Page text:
THE VILLAGES OF THE PLAIN
By Mel Robertson
DURING THE PAST FEW WEEKS I have received a number of requests from public and high school students for information about communities in this area that have increased, or decreased, in size over the past 125 years. This is required for the preparation of essays. In compiling this information I came upon considerable data from old "Brant County Gazetteers", which include industries, schools, churches, etc. as well as the location of all inhabitants. I pass this on for whatever it may be worth.
In 1861 Burford Township has 5,599 inhabitants of which 502 were natives of England or Wales, 359 came from Ireland, 216 from the United States, 16 from Nova Scotia or P.E.I., 273 from New Brunswick and 16 from Prussia. The main bulk of the population is described as "Natives of Canada,not French".This totaled 4,078 without further explanation. Don't bother to add all those figures and tell me that my total is wrong. I am more interested in wondering why the diligent people who made the count could not find one more person so that the grand total would be 5,600.
In 1868, Burford (or Claremont) is described as follows: A Post village on the London-Hamilton gravel road... It contains four churches - The Episcopalian (Anglican) was built in 1855 and seats 302. Cost $1,800. The Weslyan Methodist cost $1,000. The Baptist was built in 1866 and cost $800. The Congregational church was built in 1835. This church, plus the cemetery, is worth $3,000. The schools are brick and frame in two departments. There are 150 students under principal John Lin-ton and Miss Green... There is a Masonic Lodge No. 362 and a Temperance Lodge No. 81. General merchants are Ira Day and Henry Cox. There is a large cabinet shop run by Wm. Hearne. There are two hotels, three doctors, three shoemakers, three blacksmiths, a saddler, three butchers, a weaver, a cooper, a milliner and a carriage and wagon make. Population - 400. There is a good hall and a drill shed with a strong militia unit. Mails daily.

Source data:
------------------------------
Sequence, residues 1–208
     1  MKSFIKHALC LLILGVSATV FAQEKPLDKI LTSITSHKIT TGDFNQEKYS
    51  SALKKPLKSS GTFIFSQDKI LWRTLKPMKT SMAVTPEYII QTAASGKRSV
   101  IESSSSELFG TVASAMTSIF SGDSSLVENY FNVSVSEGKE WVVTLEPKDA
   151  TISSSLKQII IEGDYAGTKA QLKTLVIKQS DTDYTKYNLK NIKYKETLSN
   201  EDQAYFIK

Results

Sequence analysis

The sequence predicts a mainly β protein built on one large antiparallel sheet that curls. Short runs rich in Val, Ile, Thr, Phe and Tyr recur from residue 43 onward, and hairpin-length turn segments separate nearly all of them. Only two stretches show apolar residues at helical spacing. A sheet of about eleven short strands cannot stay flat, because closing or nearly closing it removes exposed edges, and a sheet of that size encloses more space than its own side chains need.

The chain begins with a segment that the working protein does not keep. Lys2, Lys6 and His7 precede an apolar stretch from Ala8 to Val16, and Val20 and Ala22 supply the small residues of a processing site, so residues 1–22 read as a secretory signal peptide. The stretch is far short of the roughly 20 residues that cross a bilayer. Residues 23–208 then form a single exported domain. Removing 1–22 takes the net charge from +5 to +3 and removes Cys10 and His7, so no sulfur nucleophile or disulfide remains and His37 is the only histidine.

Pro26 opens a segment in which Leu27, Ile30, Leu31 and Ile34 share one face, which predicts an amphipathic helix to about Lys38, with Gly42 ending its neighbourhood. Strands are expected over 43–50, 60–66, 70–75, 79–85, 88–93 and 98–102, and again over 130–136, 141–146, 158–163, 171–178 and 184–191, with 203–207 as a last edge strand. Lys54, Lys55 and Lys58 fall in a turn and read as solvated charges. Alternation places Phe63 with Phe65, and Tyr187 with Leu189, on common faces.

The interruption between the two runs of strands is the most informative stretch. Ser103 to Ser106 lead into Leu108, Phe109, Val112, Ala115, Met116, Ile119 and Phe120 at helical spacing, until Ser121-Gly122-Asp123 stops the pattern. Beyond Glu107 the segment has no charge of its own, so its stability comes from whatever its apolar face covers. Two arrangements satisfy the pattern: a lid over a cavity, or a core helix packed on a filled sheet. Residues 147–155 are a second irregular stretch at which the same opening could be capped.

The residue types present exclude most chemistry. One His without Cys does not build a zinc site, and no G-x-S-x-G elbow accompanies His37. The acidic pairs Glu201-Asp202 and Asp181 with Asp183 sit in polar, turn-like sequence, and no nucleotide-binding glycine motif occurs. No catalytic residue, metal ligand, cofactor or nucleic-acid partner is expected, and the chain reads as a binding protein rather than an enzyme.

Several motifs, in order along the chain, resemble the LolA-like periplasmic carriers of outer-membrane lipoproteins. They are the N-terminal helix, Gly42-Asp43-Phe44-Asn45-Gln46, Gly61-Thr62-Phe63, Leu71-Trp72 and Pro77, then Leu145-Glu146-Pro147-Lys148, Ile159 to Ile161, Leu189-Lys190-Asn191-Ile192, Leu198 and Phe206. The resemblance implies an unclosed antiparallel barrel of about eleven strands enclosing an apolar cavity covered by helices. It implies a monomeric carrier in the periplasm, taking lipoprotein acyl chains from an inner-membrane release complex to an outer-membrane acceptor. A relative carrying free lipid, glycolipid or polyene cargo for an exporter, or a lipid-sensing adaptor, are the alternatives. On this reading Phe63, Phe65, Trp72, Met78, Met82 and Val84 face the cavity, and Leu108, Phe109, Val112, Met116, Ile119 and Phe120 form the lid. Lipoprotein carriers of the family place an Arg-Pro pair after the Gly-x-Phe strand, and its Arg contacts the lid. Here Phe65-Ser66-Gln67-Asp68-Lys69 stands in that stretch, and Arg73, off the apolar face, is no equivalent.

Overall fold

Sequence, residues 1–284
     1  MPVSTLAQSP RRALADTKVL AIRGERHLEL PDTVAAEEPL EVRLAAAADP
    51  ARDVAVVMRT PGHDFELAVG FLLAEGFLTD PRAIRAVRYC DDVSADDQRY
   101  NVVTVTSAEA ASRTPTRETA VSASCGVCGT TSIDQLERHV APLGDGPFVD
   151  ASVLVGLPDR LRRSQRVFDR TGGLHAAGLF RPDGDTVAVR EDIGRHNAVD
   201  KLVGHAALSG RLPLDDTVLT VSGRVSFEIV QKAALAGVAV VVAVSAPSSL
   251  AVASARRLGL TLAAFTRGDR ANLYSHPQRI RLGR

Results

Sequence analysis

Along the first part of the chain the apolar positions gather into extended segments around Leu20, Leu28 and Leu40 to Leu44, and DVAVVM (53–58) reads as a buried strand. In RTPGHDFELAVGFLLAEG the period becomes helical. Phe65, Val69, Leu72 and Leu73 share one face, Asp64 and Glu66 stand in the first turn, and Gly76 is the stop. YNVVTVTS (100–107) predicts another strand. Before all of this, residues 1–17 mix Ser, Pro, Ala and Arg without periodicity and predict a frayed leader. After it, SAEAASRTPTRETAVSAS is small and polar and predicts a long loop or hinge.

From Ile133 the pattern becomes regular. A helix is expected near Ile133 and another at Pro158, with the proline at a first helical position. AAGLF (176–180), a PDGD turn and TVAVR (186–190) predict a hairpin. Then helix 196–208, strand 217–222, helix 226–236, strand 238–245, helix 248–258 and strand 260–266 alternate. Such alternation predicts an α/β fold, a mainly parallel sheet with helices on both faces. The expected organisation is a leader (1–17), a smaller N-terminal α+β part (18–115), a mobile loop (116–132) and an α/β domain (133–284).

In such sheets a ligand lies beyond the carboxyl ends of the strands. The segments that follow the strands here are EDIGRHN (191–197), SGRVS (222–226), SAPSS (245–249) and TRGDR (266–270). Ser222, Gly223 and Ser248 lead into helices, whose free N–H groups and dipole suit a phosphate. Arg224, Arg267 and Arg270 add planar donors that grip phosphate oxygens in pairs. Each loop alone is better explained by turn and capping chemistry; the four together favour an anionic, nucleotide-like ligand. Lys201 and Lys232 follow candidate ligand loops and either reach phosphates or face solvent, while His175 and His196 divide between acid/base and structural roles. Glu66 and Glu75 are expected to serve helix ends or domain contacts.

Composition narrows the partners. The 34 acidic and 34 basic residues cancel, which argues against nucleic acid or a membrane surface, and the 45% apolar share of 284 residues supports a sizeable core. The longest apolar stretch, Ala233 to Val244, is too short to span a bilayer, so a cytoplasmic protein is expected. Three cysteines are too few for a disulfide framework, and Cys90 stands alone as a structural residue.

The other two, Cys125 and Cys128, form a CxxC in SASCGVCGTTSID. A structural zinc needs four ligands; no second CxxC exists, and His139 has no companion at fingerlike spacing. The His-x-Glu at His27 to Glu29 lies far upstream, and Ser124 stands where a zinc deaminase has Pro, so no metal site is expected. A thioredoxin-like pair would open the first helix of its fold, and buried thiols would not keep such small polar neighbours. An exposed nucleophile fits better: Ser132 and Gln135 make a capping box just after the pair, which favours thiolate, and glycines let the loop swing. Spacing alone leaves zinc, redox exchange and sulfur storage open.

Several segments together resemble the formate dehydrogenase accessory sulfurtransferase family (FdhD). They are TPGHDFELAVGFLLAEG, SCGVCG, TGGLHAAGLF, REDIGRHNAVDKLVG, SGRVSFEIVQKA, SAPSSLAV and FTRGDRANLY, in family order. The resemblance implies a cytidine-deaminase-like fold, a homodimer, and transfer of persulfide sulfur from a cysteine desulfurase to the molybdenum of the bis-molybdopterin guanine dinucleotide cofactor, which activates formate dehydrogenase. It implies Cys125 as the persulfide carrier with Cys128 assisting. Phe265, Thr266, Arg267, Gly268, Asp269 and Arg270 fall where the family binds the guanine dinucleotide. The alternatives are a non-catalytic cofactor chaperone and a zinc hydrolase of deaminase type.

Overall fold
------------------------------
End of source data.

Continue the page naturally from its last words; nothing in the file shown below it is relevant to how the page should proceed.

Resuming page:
Cathcart (or Sydenham or Cathcart's Camp) contains a Weslyan church, a school house, one hotel, two stores, one wagon shop and one blacksmith. Population - 50. There is a large cheese factory.
Harley (or Derby) Population -100. Has a Weslyan church,a fine brick school for 150 under Mr. J.B. Moore and Miss H. Moore. Two stores, a good hotel under Mr. Conklin. Mr. Muirhead's carriage factory is 26x40, two stories high where four or five hands turn out carriages, wagons, sleighs and cutters, There is a shoemaker, a tailor and a teamster. Jas. McLellan is postmaster.
Kelvin - A post village. It contains two churches - the Congregational erected in 1861 cost $800 and the Messiah church erected in 1866 at the cost of $1,000. There are two Weslyan churches - one east and the other west - both on the townline. Hall Malcolm's shingled and stave factory
employs five or six men and has an engine of 12 h.p. The building is frame, 36 x 40. The steam mill of J.H. Hull cuts 2 1/2 million feet of lumber annually and has a 30 h.p. engine. It employs six men and is 42x50 feet in size. The steam mill of E. Malcolm Jr. employs six men and has an engine of 16 h.p. It cuts 11/2 million feet of lumber per year. It is 30 x 50. There is also a pot and pearl ash factory. There are two stores, two shoemakers, one hotel - "The Kelvin House" - one druggist, one bootmaker, one cooper and three carpenters. Population -200. Mail tri-weekly.
New Durham - A Post village with mail daily. Population - 80. Two stores, one hotel, a wagonmaker, a church, a tavern and a blacksmith.